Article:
Tip: Dynamic chain is usually used. Use static chains only in large assemblies or for chains with a very large number of pattern instances.

13. Selecting Synchronize configuration of patterned components to seed prevents you from changing the configuration of patterned instances.

14. Click Ok to generate the chain. If your chain is Dynamic, you can now drag your chain in the graphics area and it will move on the path.

Similarly, you can also create a two-connected component chain with the Connected Linkages method. All you have to do is to select your other link in Chain Group 2 and specify the Path Links and Path Alignment Plane as you did for your first link.

The two-connected component chain method is used for power transmission chains for bikes, etc. The left image below shows the two links used to create the chain shown in the right image.

Distance Linkage:

Distance linkage is pretty much similar as compared to Connected linkage. But in Distance linkage, you cannot use two components for the link. It only supports one link.

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The other difference between Distance Linkage and Connected Linkage is that in Distance linkage the Path Links are not made concentric but instead there is a distance between them.

Under Chain Group 1 menu, you will find that there are additional options for the Spacing Method:

  • Distance Along Path: This option makes sure that there is a specified distance between the pattern instances as measured along the selected path.
  • Linear distance: This option spaces pattern instances at the specified distance when measured as a linear distance.

In the Spacing input box, enter the spacing that you want between pattern instances.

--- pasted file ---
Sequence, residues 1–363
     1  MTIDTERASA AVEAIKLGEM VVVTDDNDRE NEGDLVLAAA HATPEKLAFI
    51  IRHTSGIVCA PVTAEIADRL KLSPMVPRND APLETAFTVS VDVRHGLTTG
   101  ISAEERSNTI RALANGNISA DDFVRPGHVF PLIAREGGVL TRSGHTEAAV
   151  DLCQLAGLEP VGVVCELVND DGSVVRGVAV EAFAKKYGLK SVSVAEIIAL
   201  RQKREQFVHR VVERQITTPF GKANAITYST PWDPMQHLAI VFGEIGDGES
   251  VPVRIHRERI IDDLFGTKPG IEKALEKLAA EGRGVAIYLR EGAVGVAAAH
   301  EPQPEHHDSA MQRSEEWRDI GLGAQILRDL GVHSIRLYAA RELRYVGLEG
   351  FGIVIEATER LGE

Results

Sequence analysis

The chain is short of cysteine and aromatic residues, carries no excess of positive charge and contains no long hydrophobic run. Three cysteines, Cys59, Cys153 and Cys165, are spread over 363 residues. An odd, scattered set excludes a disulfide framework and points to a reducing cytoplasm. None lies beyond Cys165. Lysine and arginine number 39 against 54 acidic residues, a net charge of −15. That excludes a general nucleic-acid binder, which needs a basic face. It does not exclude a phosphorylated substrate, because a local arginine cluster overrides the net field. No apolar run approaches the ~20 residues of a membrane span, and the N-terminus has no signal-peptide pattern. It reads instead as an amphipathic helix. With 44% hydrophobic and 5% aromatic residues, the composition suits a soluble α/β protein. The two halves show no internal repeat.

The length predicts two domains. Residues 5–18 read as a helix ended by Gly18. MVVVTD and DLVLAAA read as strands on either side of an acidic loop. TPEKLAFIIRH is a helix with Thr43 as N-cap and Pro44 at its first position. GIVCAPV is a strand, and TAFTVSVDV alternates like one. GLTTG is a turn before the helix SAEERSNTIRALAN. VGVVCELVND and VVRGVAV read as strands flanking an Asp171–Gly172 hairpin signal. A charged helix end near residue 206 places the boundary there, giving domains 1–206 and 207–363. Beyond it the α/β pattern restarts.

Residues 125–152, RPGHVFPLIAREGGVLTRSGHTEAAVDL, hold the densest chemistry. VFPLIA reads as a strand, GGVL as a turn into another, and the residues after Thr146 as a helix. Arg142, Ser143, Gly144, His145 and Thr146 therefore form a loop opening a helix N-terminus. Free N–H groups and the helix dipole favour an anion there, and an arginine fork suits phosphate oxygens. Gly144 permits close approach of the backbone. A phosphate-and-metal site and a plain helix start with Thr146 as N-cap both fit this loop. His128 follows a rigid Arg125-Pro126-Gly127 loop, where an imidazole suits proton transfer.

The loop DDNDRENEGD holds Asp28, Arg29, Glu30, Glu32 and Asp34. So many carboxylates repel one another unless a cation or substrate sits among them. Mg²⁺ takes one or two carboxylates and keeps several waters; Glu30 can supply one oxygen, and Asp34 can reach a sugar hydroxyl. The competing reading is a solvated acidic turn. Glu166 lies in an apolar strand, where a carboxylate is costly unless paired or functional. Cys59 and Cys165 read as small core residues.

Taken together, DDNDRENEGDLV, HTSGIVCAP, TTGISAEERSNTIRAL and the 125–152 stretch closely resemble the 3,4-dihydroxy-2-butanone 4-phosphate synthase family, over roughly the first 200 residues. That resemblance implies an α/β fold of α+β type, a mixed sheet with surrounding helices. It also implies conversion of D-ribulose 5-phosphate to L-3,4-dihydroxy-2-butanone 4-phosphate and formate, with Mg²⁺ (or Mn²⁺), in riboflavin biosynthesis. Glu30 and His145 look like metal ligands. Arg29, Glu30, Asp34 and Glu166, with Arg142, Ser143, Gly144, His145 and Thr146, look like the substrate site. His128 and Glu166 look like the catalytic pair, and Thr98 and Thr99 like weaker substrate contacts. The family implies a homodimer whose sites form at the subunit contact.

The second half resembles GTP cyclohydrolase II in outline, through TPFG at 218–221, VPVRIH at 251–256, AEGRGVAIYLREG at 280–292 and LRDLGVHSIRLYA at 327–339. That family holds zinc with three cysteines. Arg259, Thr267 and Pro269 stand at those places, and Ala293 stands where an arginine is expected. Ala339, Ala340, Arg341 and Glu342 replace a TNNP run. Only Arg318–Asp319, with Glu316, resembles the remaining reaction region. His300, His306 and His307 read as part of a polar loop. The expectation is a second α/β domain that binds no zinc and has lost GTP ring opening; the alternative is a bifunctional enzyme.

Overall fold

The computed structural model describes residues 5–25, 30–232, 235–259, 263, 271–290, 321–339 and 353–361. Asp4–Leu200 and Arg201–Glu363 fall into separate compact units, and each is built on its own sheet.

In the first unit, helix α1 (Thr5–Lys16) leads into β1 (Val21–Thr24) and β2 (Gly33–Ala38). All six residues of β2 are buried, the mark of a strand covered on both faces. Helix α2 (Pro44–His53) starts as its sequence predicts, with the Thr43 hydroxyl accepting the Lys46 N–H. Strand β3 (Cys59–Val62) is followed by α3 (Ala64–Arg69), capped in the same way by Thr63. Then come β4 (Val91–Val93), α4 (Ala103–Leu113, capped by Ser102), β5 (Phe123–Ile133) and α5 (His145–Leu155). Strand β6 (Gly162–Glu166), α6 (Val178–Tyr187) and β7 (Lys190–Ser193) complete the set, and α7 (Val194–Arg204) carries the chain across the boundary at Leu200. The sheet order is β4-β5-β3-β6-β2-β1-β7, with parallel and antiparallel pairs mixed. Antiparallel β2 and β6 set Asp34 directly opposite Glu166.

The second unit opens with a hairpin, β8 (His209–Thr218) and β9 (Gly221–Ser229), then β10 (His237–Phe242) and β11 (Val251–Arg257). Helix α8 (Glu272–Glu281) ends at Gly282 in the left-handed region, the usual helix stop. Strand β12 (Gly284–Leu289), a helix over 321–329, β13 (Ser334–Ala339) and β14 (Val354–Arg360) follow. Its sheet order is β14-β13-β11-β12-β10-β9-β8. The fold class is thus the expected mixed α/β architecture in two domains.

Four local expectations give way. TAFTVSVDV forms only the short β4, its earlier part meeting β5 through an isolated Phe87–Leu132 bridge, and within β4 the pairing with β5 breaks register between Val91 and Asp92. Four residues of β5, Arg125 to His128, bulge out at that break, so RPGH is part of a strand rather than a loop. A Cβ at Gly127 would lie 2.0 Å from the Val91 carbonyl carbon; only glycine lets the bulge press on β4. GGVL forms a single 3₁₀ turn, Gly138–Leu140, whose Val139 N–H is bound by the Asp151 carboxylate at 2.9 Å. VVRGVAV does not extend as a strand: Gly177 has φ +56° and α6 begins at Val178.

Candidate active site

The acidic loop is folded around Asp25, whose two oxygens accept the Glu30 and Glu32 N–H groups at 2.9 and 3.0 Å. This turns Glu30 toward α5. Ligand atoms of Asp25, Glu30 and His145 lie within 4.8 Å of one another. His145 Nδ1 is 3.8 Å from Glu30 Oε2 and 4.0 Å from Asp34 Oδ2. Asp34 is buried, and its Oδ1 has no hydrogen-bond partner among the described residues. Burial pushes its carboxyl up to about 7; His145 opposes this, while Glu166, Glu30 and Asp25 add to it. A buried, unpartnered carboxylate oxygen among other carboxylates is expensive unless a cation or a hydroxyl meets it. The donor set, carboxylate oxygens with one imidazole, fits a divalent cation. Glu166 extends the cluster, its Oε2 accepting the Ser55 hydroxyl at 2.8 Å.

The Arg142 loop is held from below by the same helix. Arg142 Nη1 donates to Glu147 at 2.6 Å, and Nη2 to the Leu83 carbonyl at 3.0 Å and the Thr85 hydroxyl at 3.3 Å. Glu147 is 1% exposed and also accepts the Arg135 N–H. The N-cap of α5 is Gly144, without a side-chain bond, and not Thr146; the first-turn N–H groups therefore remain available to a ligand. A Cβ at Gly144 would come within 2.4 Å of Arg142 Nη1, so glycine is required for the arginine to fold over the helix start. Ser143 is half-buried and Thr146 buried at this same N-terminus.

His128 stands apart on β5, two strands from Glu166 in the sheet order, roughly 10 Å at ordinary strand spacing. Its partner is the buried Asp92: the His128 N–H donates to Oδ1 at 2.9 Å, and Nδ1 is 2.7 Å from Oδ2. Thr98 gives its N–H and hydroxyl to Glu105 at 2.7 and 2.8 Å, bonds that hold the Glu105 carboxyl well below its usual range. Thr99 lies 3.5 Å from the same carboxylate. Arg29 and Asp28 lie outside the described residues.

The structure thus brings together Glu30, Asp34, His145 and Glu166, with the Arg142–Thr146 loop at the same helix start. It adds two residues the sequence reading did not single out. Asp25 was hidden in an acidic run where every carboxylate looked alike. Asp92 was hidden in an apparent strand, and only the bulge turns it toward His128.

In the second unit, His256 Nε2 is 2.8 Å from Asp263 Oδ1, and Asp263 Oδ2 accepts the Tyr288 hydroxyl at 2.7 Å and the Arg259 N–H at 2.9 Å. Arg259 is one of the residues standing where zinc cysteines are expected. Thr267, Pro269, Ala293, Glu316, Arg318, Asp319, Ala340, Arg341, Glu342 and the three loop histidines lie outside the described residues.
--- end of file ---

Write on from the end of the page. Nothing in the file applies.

If you uncheck the Fill Path option present under the Chain Path menu, you will get access to the Equal Spacing button. When clicked, SolidWorks will automatically calculate at what distance apart the pattern instances should be so that each and every one of them is placed equally apart and the number will be automatically fed into the Spacing input box.

The rest of the options are the same as the Connected Linkage method and are explained above. Click OK to generate the chain.

Distance Chain:

Distance chain is pretty much similar as compared to Distance linkage. The only difference is that there are no linkages between the instances. So you only have to specify one Path Link.

You get an additional option for the Alignment Method:

  • Tangent to curve: Makes the patterned instances tangent to the chain path.
  • Align to seed: This will make sure that the orientation of the patterned instances is the same as that of the seed link.

The rest of the options are the same as the Distance Linkage method and are explained above. Click OK to generate the chain. Notice that the orientation of all the links is the same in the below image because Align to Seed option was selected.

And that’s it. We hope that this article helped to understand what the Chain Component Pattern tool is capable of and how you can use it o create any type of chain you want.